Edit: The two-negation minimum rule (if it's a rule) would also appear to hold for conditional-negation only natural deduction systems and sequent calculi also, since their formulations don't differ in the number of negation symbols used if I understand the relationships correctly.

$\endgroup$
4
  • $\begingroup$ In the axiom set that contains an explicit falsum 0, can you replace falsum with NCaa where a is a fresh variable? $\endgroup$ May 15, 2022 at 22:03
  • 1
    $\begingroup$ @GregNisbet I'm assuming that if we make such a replacement, the definition Np as Cp0 disappears, since 0 isn't a formula in the system, and negation becomes a primitive concept instead of a defined concept. CCpqCCqrCpr, CpCqp, CCCpqpp, CNCppq, makes CCNxNyCyx underivable according to a quick check using Mace4. The suggested model is the standard conditional: C00 = 1, C01 = 1, C10 = 0, C11 = 0, and negation N0 = 0, N1 = 0, with 1 as designated. The conditionals hold from checks with the classical conditional. CNCppq = C0q = 1. But, CCN0N1C10 = CC000 = C10 = 0. And thus Mace4 is correct. $\endgroup$ May 15, 2022 at 23:00
  • 1
    $\begingroup$ So the answer is no. $\endgroup$ May 15, 2022 at 23:01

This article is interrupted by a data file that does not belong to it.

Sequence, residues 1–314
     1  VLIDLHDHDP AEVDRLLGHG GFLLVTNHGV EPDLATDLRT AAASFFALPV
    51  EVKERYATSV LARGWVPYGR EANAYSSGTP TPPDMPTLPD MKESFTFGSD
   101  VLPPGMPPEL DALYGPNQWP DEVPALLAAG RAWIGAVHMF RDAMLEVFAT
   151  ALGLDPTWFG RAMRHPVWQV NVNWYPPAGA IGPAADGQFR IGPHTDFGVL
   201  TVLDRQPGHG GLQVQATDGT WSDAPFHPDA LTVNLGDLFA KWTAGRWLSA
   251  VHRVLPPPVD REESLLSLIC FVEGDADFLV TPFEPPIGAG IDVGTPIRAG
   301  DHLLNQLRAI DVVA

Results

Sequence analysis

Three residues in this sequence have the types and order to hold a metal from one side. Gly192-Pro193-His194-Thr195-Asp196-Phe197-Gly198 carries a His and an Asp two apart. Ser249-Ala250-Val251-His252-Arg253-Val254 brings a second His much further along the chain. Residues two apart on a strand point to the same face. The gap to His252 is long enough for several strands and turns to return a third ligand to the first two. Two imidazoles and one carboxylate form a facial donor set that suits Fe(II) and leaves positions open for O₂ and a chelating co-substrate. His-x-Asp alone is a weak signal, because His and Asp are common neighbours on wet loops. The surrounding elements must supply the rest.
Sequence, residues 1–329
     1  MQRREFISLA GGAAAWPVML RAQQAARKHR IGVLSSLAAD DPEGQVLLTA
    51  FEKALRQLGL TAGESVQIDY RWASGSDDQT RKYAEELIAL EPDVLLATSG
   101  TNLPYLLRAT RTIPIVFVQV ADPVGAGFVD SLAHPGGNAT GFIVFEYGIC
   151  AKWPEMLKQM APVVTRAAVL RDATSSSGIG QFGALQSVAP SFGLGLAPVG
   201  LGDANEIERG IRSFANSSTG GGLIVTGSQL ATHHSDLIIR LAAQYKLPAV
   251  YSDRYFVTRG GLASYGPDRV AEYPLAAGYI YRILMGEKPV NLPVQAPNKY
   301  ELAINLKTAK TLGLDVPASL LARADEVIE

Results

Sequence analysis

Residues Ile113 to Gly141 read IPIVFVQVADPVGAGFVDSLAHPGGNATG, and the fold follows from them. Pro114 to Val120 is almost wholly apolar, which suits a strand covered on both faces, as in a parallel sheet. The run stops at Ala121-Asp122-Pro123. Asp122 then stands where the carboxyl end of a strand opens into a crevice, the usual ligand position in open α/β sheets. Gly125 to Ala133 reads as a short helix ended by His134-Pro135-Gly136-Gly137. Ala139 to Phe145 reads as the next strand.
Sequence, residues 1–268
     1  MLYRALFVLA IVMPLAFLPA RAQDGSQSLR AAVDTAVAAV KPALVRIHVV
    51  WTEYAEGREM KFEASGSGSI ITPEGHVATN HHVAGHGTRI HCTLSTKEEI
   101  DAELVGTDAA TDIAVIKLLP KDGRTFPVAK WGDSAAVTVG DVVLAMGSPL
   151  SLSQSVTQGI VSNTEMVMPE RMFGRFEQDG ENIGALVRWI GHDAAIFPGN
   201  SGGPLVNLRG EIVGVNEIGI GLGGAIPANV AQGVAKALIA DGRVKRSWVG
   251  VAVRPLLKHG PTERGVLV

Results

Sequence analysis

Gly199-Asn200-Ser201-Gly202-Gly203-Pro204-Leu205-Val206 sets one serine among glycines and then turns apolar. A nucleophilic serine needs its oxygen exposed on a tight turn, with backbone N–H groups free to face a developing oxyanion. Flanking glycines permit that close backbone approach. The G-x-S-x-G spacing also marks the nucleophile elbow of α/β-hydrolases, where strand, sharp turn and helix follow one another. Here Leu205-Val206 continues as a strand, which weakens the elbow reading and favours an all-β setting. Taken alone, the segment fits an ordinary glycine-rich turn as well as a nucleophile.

• 1
    $\begingroup$ this is a fun puzzle. I gotta say though, messing around with mace4 for a bit, I get the impression that without two occurrences of negation I can't seem to rule out a constant interpretation for negation. $\endgroup$ May 16, 2022 at 4:17

2 Answers 2

1
$\begingroup$

I think that you are correct and having negation appear twice is needed. My reasoning (not very rigorous, I will admit) would go as follows:

  • First, notice that from MP plus CpCqp and CCpCqrCCpqCpr you can prove the deduction theorem. And so far no negation was used.
  • Now, in order to be able to prove things about negation itself, we will need to have some way to add negation(s) to a conclusion and some way to remove negation(s), a bit like one does for natural deduction systems. This would be the reason for the minimum of 2 negations needed.
  • To take things a bit further, consider the axiom CCNpNqCqp and notice the positions where the negated variables appear. Let's rewrite the axiom with different names for each position as CCxyCzt, which would expand to $\lnot(\lnot x \lor y)\lor\lnot z \lor t$, so one negation in a positive position and the other in a negative position. On your second example with CCNppp, CpCNpq we have the same thing, one negation in a positive position and the other in a negative position. I suspect that this is related to my point above.